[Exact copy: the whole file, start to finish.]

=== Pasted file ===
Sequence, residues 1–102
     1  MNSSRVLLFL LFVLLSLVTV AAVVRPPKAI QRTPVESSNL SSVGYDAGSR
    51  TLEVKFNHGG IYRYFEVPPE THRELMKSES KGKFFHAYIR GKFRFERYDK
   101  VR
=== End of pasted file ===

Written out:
Sequence, residues 1–102
     1  MNSSRVLLFL LFVLLSLVTV AAVVRPPKAI QRTPVESSNL SSVGYDAGSR
    51  TLEVKFNHGG IYRYFEVPPE THRELMKSES KGKFFHAYIR GKFRFERYDK
   101  VR